Recombinant Protein Immunizes Mice, Promises New Strategy Against Infection And Cancer

oy the germs circulating in the bloodstream. However, antibodies are useless when it comes to penetrating cells. The task of attacking cells infected by viruses or deformed by cancer falls to the second arm of the immune system, led by immune cells called T cells. T cells orchestrate a multi-pronged attack, and if appropriate, turn into 'killer cells,' called cytotoxic T cells or CTLs, that home in on infected cells and destroy them.

The goal of vaccine development is to produce a full-blown immune response without causing full-blown disease. However, when vaccines containing soluble proteins from the microorganisms are used to produce an immune response, the CTLs are rarely activated.

For decades, vaccine development experts have sought to find a simple and practical way to activate the killer cells or CTLs using soluble proteins, but finding a method that works has been a challenge.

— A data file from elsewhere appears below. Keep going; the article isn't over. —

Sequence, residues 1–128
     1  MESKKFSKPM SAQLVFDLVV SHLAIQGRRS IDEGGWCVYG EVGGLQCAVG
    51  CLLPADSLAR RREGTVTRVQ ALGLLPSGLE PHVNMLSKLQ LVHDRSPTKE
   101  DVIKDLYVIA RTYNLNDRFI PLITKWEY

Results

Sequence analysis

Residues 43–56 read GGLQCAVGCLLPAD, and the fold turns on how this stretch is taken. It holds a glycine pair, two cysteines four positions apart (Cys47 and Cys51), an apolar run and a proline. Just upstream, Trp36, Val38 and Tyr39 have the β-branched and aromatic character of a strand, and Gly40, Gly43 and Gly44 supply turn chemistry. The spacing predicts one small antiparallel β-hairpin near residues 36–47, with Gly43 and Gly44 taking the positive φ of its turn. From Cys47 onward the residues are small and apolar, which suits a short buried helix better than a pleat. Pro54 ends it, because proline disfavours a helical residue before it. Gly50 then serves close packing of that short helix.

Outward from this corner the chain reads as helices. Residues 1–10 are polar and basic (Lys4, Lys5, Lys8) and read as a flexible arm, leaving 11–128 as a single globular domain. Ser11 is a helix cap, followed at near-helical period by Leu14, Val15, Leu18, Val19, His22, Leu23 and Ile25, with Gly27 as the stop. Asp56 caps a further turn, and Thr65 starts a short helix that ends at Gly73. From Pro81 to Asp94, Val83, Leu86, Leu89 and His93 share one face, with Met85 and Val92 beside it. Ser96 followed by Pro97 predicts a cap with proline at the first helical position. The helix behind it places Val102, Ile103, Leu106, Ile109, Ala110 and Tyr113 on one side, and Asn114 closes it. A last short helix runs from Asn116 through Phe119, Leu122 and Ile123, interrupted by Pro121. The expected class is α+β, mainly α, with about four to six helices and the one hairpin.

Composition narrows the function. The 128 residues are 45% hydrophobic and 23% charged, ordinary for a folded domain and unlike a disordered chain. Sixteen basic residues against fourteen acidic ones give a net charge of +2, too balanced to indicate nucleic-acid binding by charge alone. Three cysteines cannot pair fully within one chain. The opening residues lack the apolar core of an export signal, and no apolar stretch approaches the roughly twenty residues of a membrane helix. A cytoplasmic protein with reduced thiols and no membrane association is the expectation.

"We were able to solve this problem by taking advantage of the observation that a class of proteins, called heat-shock proteins, are exceptions to the rule that soluble proteins are unable to stimulate CTL responses. In fact, heat-shock proteins are extremely potent in stimulating a CTL immune response," says Dr. Young.

Heat shock proteins, or stress proteins, are a family of proteins that cells produce in response to stress from heat, injury, germs, or toxins. Normally, these proteins act as molecular chaperones, binding to other proteins and ferrying them to and from various compartments of the cell. A few years ago, immunologists noticed that heat shock proteins are present on the surface of bacteria and are responsible for flagging the T cells and triggering the CTLs to attack.

Dr. Young and his colleagues found one particular protein from the tuberculosis bacterium, called hsp70, that could elicit powerful immune responses and could be used as an immune system booster. The special properties of hs

Contact: Seema Kumar or Eve Nichols
kumar@wi.mit.edu, nichols@wi.mit.edu
(617) 258-5183
Whitehead Institute for Biomedical Research

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